AT&T and other carriers, facing one and two gigabit cable, are pressing hard for gigabit speeds to advertise. My guess is they'd spend $5/home more for the speed just for the promotional value, maybe more.. Century just confirmed AT&T's experience that promoting higher speeds has a "halo effect" on selling current services. So they announce "70 cities" for gigafiber even if they have passed only 2-3% of homes. That's also why  nearly every telco seems to be announcing 5G "tests." I think Verizon will find something to call 5G and put some boxes in the field in the nest 18 months.  It isn't really ready.

Of course, almost no one can point to any common application that even maxes out 200 meg, except heavy downloading.

From IEEE Communications Magazine — Communications Standards Supplement • December 2015

Full Duplex Transmission

In multi-user DSL deployments, simultaneous upstream and downstream communication on identical frequencies is made impossible by near-end crosstalk at the customer side of the network. When used as a single-subscriber technology, XG-FAST will have no NEXT between CPEs, hence allowing for simultaneous upstream and downstream on the same frequency, which we will refer to as full duplex, doubling the spectral efficiency compared to currently used time or frequency division duplexing schemes. 

It requires an analog hybrid at the transceivers that attenuates the transmit signal to the level of or below that of the received signal, not to substantially increase the required dynamic range of the analog-to-digital converter. The residual echo signal is further removed digitally using vectoring techniques. 

Note that compared to TDD, full duplex transmission also allows a reduced latency and framing overhead. E Communications Magazine — Communications Standards Supplement • December 2015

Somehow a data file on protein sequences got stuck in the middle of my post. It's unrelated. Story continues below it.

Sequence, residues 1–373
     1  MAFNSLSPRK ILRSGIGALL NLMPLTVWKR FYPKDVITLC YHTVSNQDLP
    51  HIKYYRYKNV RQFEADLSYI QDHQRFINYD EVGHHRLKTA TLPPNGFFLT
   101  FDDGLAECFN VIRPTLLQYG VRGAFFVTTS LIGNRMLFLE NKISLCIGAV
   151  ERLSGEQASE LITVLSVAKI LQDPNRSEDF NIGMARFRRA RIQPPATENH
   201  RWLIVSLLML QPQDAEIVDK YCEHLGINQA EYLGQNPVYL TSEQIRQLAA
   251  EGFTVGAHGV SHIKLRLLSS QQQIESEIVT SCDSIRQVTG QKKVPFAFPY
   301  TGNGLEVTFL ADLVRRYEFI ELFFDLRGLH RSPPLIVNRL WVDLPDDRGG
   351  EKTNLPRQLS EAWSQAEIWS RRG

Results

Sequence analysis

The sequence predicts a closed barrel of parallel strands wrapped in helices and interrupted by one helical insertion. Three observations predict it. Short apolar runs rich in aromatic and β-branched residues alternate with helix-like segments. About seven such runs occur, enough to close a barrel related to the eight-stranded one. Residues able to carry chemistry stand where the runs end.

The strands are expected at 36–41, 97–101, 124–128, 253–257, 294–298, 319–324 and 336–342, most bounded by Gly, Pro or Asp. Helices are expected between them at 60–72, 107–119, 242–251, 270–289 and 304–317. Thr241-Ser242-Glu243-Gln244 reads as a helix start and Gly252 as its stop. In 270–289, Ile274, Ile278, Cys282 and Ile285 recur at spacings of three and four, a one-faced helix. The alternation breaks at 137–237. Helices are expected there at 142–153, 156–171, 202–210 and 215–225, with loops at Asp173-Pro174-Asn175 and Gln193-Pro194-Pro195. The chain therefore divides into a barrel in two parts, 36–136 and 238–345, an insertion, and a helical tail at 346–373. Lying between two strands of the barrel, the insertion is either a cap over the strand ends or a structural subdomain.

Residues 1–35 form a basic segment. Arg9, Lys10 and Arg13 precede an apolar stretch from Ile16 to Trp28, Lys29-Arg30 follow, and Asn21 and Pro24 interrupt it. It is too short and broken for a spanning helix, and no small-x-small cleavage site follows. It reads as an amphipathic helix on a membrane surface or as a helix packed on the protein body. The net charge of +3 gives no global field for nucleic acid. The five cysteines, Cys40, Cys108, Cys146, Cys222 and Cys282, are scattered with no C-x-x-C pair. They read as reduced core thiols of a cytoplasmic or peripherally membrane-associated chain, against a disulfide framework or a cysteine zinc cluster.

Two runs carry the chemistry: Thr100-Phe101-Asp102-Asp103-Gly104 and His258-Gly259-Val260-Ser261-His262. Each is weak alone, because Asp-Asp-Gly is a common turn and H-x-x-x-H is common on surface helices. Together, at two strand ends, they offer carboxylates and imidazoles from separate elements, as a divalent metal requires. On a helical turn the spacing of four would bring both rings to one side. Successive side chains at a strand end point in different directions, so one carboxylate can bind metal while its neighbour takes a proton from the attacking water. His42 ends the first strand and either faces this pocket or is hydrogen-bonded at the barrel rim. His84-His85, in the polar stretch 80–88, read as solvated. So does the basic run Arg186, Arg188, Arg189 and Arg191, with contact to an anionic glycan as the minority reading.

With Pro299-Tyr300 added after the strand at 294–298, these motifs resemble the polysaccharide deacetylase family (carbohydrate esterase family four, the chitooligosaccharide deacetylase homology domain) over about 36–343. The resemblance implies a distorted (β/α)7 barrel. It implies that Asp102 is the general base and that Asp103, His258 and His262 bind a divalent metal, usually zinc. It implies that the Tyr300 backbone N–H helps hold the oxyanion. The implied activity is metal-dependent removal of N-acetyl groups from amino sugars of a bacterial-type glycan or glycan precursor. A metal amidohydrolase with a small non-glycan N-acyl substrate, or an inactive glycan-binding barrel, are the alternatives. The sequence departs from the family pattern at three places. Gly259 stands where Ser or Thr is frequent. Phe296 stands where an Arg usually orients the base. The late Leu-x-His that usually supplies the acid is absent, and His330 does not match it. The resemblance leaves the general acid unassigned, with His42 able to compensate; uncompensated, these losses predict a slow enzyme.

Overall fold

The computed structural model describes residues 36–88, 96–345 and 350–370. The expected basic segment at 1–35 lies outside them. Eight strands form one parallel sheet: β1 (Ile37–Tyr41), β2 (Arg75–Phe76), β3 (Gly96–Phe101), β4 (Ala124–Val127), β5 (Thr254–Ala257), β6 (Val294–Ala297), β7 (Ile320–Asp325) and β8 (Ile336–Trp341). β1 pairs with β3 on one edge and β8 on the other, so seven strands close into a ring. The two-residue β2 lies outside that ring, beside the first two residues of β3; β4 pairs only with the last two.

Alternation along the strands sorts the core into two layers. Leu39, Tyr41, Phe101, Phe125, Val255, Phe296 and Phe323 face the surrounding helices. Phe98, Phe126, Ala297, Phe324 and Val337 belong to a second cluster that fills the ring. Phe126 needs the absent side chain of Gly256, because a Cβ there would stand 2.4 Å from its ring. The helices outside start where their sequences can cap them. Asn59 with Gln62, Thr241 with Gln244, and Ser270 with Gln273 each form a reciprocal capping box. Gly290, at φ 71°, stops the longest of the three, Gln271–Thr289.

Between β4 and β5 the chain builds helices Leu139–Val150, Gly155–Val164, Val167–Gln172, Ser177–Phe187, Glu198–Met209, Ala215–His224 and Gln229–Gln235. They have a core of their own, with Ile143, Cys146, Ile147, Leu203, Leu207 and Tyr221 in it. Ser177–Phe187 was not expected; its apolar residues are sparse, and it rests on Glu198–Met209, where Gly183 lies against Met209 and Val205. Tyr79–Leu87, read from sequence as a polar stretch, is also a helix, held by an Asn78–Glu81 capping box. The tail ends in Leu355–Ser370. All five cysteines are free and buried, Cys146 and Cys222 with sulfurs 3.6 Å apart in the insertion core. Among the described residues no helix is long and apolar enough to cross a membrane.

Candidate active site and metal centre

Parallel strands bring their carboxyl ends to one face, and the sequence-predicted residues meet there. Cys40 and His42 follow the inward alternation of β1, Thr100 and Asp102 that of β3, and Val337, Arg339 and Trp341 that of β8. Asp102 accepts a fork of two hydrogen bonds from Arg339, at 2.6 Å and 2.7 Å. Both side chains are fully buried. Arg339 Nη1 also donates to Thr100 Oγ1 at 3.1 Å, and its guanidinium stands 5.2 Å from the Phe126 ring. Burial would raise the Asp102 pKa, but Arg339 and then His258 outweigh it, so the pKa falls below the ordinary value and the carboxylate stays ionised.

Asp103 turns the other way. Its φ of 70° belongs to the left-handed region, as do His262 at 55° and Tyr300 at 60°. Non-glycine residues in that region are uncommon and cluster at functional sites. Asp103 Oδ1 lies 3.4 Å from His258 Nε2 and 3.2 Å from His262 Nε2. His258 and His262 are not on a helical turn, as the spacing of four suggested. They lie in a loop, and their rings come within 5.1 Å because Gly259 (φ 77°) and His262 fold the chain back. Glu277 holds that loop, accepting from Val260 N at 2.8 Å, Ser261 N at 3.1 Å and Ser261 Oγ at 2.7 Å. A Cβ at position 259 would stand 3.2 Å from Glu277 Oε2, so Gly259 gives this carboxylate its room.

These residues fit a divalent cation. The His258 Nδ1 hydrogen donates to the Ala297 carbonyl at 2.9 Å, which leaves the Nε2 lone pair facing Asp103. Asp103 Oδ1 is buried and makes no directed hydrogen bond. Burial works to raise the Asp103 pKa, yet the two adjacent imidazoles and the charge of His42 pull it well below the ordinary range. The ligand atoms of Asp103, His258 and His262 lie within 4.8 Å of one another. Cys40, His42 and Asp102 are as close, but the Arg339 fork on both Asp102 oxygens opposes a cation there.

The Site for gfast 230 News
A remarkable 400 people attended the very strong Broadband Forum BASE events in Berlin and Las Vegas. Trevor confirmed BT would pass the million this year. Cioffi projected “Waveguide DSL” could carry 10 gigabits a kilometer as well as a terabit 100 meters. Werner sees a 4X improvement in upstream with cDTA. Much more in next issue.

Deutsche Wants a Gigabit, Finally Realizes 50 Meg Isn't Enough
Deutsche Telekom is finally realizing that 50 megabit DSL won't make it against gigabit cable. VP Franz Seiser is blunt. "We must change radically, become disruptive and, above all, throw away things," he proclaims at BBWF. After years of DT insisting 50 megabits is plenty, we now hear "it is about Gigabit products" from DT's Robert Soukup.  
    A lucky building in Frankfurt will receive 500+ megabit service as ultra-conservative Deutsche Telekom experiments with Soukup told BBWF, "We're going to have a field test in Frankfurt with and Fiber To The Building (FTTB.) We will know by the end of the year if this is the right way to go." Hint to Soukup: Yes it is. is working well at a dozen telcos I;ve talked to.